dressed up panettone

this is my 'roadkill' panettone - the base got a bit battered in transport so I went with the sad face. It tastes much happier than it looks.


When my family manages to get together for Christmas, we start the day with a special breakfast: a slice of panettone, the Italian Christmas cake, with a big puddle of caramel and rum flavoured sauce – and a glass of bubbly.  My mother is the type of cook who is always experimenting, but we make her repeat that sauce every year.

I made a dressed up version of this recipe for lovely friends who invite us often to Christmas lunch, and now I have to make it for them even if I’m not here on the day.  Luckily they are bayfm subscribers, because this year I will not be able to do it.  So if you’d like something really over the top, but much easier to make than traditional fruit cake, try this.


troppo panettone


1 large panettone, a light yeast cake usually with raisins and citrus peel – they turn up in December, in cardboard boxes.  Try to get one where butter is listed as an ingredient, not a lot of numbers.  A few people have tried to make panettone at home, but almost nobody does it twice.

For the creme patissiere:

500mL milk, 5 egg yolks, 50g. flour, 250g. sugar, about 30-40 g. liquid caramel, 500mL cream, dark rum (this makes plenty to have extra on the side or for another panettone)

Optional decoration: good dark chocolate, nuts, cocoa, cream, fruit


You have to start at least 24 hours ahead, 2 days is ok, and you will need room in the fridge.

First make the crème patissiere.  Beat eggs and sugar until light and fluffy.  Put the mix in a heavy bottom saucepan or double boiler and add flour and warm (not boiling) milk.  Cook on low heat stirring constantly with a wooden spoon until it thickens and coats the spoon.  Allow to cool.  If it has misbehaved and gone lumpy, you can pass it through a sieve and nobody needs to know.  Meantime make some quite dark liquid caramel.  You can do this days or weeks  ahead and keep in a sealed jar at room temperature. Then whip the cream lightly and fold into the cold custard.  Add caramel and rum gradually – you have to taste (a hard job I know).  The flavours will develop and get a bit more intense. Refrigerate for at least 1-2 hours.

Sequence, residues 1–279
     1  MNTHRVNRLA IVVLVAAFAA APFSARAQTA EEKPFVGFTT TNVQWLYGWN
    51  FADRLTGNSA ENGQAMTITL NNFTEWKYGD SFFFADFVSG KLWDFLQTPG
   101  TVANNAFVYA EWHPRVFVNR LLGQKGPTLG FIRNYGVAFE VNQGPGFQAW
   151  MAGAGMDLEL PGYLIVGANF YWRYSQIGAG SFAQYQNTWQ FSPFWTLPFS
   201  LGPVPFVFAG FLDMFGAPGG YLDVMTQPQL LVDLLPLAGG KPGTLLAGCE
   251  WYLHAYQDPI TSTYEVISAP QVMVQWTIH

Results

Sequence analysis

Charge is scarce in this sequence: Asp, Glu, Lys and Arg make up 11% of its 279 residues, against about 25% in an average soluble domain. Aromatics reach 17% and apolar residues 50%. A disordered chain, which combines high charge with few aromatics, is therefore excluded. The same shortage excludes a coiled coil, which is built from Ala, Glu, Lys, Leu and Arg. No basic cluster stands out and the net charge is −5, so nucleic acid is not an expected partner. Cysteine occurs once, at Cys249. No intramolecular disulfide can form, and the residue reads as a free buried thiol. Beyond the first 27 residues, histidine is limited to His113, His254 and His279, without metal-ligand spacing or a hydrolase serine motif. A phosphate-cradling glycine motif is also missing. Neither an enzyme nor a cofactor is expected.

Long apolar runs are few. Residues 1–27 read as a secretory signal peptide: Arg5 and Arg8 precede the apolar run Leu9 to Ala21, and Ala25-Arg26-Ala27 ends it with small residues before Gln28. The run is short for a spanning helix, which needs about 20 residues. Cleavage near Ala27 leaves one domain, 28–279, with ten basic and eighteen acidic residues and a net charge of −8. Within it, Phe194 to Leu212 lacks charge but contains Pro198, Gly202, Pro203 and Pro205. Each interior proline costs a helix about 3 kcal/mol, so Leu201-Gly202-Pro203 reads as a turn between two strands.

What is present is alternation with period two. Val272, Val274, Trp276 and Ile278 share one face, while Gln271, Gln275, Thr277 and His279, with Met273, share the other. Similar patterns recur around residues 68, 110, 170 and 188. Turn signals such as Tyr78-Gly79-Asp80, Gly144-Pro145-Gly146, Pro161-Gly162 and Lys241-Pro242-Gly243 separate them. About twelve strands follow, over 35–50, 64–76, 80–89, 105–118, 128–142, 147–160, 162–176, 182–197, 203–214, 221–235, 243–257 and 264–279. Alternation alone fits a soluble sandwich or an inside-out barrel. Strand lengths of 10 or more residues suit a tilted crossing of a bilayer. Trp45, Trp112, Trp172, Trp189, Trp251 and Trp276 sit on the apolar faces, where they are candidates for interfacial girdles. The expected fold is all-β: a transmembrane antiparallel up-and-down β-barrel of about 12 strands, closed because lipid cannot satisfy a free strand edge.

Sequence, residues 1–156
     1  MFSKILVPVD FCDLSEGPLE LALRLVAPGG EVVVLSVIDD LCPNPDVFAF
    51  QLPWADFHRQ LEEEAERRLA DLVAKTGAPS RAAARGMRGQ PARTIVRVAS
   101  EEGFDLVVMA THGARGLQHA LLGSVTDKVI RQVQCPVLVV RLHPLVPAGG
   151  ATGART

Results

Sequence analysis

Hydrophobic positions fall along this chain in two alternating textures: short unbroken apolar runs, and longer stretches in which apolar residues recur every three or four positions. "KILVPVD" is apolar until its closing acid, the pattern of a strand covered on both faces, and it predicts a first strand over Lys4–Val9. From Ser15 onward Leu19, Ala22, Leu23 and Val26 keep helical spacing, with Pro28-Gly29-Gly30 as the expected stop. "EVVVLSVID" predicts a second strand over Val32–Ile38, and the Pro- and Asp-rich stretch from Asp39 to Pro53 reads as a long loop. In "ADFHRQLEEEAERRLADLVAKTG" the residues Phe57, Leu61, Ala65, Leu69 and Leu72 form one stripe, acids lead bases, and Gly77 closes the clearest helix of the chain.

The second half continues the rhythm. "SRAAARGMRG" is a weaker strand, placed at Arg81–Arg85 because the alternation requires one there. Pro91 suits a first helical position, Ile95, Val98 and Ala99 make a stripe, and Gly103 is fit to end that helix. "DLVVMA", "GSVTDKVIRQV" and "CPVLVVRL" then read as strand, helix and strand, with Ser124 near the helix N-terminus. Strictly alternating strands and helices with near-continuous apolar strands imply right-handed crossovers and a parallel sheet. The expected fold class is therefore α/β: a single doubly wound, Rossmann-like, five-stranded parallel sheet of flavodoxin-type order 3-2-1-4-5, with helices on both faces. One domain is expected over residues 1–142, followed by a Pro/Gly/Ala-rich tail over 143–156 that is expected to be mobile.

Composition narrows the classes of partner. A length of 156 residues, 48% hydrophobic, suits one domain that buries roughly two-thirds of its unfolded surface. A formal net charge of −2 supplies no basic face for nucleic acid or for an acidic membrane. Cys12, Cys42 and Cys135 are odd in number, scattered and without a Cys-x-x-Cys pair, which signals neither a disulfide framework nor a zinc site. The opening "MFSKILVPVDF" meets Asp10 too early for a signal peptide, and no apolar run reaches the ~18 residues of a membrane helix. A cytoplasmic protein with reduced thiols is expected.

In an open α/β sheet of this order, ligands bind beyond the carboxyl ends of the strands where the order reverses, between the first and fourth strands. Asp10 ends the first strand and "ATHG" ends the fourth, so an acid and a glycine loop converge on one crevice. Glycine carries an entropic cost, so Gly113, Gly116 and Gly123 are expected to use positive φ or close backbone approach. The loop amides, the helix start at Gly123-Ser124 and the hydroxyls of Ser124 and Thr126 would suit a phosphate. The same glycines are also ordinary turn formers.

It’s time to carve your panettone.  Peel off the paper from the bottom. Use a long knife to slice off the domed top, set aside.    Slice off the bottom, about 3-4 cm thick. You will be left with a cylinder. Run the knife around the inside of the crust of this cylinder, slide out the centre.  Cut this centre section horizontally into  2-4 cm slices.

Now you need to reassemble the cake.  Put the bottom on a large serving plate, coat with caramel cream.  Put the hollow barrel of crust on top, then alternate layers of cake and cream inside, finish with more cream and then the top.  Be generous with the cream, but you will not use it all.  Refrigerate overnight to set, don’t worry if a bit of cream comes out.  The cream fuses the cake back together and the whole inside melts into creamy deliciousness.

Now the fun part.  A few hours before serving, you need to decorate because your cake will taste great but may look a bit shabby.  The simplest way is to sprinkle it all over with a fine veil of cocoa or icing sugar.  I usually melt plenty of really dark chocolate in a double boiler with enough cream to make it spreadable, coat the whole cake in chocolate and then dust with cocoa.  And arrange some nuts or fruit on top.  Macadamias work for that local touch.  I think the panettone is nicer if you make the sauce not too sweet and coat with bitter cocoa, otherwise it’s just too rich.

It has to stay refrigerated until close to serving time, and will keep for about 3 days in the fridge.  Keep the extra sauce refrigerated too, it will need a quick whip to re-blend properly just before it goes to the table.   Happy holidays and remember, everything in moderation, especially moderation.

Sister T (and mamma Franca)

ps – I ended up making this for New Year’s Eve (too many sad faces at missing out for Christmas) and I had to really emphasise the mix the sauce before you pour bit.  Various guests/family members thought it was better to just skim the lovely thick stuff at the top but the flavour is at the bottom…and the alcohol…made it a bit strong but it was still lovely for breakfast.

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